You definitely won’t need an engineer to set up Relish broadband. They just deliver your hub, you plug it in, and you’re good to go.
What’s available in your area?
As we touched on with the whole standard vs superfast issue, not all areas will have the same coverage and so not all providers will be able to offer to supply your broadband. It’s really easy to use a comparison site to check what’s available in your area.
Do you need a landline?
Yes. Or maybe no. Most standard broadband services require you to have a phone line to plug into, which is kind of annoying. Who uses a home phone anymore? We certainly don’t, but we need a landline for our broadband so end up paying out around £15 a month on top of broadband charges. Not cool.
Other services, like Relish broadband for example, (you knew I was going to say that didn’t you?), don’t require you to have a landline. They use wireless technology, so if you don’t use your home phone for calls you can get rid of it altogether and save a big chunk of money every month.
Are there any set up costs?
If you spot a cheap deal online it’s worth looking not just at the regular monthly costs, but at the set up costs too. Some providers don’t charge anything, but others do.
I had a quick search on a broadband comparison site and set up costs on the top ten results ranged from nothing to £59.99.
How long is the contract?
Often there is a trade off between set up costs and contract length. With Relish broadband in London for example, you can choose either a rolling one month contract, at a flat £20 a month, and pay £50 upfront for your hub, or you can choose a 12 month contract, still at £20 a month, but get the hub for free.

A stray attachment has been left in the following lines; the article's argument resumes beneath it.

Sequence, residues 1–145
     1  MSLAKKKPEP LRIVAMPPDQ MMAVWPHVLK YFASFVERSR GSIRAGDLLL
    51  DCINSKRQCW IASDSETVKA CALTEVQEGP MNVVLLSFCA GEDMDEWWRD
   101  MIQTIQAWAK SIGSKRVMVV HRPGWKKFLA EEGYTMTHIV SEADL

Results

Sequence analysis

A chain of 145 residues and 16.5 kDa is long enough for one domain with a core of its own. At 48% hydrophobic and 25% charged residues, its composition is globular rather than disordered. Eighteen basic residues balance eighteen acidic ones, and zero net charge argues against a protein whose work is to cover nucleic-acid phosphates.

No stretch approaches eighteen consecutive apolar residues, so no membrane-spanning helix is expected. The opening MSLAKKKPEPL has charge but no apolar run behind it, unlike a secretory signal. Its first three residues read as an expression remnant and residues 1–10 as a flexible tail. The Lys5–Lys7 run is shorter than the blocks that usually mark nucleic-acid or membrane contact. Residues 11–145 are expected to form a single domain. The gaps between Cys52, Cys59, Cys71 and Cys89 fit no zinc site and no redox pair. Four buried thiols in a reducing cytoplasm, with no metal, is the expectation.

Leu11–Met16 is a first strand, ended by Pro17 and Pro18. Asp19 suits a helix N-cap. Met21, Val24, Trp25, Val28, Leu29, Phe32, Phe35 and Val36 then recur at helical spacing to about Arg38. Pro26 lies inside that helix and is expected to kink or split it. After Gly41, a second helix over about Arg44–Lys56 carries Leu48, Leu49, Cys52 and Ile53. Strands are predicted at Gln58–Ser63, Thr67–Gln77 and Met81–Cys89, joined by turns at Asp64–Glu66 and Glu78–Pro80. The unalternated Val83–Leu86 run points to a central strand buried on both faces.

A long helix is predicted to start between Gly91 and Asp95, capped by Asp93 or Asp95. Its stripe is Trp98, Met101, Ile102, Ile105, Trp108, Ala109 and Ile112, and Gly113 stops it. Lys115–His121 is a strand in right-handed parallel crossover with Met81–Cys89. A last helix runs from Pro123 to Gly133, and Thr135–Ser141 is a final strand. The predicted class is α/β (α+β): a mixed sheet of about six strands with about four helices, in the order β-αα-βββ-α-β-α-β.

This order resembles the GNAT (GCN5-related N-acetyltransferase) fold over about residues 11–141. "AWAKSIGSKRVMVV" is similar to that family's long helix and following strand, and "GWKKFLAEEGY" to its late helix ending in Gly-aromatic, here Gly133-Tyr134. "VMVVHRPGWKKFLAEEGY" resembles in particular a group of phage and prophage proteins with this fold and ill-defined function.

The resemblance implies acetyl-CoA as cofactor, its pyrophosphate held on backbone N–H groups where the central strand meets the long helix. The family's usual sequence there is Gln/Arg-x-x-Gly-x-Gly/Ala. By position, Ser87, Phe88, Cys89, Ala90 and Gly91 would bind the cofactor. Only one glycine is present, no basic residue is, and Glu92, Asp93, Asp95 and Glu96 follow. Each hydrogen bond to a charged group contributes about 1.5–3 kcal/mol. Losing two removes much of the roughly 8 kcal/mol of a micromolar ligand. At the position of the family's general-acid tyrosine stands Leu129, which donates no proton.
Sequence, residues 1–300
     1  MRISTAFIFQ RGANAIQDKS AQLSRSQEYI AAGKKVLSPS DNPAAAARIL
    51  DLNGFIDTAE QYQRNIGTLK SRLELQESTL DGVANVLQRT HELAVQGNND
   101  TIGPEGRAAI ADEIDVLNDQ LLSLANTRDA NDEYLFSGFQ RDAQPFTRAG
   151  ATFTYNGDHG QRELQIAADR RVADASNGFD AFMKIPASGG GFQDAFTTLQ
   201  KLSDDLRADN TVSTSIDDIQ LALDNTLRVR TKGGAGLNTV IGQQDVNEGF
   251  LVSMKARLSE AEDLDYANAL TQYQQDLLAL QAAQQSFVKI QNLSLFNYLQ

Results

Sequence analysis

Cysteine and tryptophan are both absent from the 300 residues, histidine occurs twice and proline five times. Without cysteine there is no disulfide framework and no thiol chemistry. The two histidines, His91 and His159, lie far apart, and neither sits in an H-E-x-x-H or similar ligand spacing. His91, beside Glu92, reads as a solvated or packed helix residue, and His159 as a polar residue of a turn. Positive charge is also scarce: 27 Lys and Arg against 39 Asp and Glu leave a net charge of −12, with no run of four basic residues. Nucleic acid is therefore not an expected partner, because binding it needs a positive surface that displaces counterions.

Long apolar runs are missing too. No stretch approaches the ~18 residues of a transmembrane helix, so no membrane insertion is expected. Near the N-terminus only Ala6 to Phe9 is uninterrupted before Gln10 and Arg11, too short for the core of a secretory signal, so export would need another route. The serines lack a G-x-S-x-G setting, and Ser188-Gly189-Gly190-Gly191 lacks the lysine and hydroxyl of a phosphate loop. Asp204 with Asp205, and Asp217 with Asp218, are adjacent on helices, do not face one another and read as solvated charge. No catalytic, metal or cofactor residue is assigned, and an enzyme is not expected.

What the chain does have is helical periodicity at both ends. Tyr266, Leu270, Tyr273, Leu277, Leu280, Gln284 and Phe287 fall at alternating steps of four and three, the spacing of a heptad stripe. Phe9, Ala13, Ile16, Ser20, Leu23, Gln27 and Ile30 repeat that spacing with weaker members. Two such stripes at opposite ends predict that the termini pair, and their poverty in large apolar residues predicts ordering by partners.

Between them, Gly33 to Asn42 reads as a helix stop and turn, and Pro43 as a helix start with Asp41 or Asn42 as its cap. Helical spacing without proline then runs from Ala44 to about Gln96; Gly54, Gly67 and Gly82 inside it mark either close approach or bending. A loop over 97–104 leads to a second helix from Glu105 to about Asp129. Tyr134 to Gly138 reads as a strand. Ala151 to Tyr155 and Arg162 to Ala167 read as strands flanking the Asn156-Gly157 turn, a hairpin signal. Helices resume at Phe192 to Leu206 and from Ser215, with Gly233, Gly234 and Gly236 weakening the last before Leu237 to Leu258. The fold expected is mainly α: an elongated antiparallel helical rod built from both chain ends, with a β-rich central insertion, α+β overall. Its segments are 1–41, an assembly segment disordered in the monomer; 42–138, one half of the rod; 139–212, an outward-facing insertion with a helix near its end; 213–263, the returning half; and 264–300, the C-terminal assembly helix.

In my search of providers that I mentioned above, all of the top ten had a minimum contract term of 12 months and some were as long as 24 months. Now this might be okay if you’re happy not to have any flexibility or freedom, but it’s a rapidly changing market and you never know what developments might be around the corner. With Relish, you can do things a little differently. Their rolling contract – just one month at a time – means you’re not tied into anything you don’t want to be.
And that’s it! The wealth of all of my broadband knowledge right there. I hope you found it helpful.
If you have any experiences of choosing broadband, good or bad, that you’d like to share then please leave a comment!
*Actually a misquote of a misquote. A lot of people think Macbeth said ‘lead on Macduff’ but he actually said ‘lay on, Macduff’. Not as catchy.
Images – kirill_makarov from Shutterstock. Sponsored post.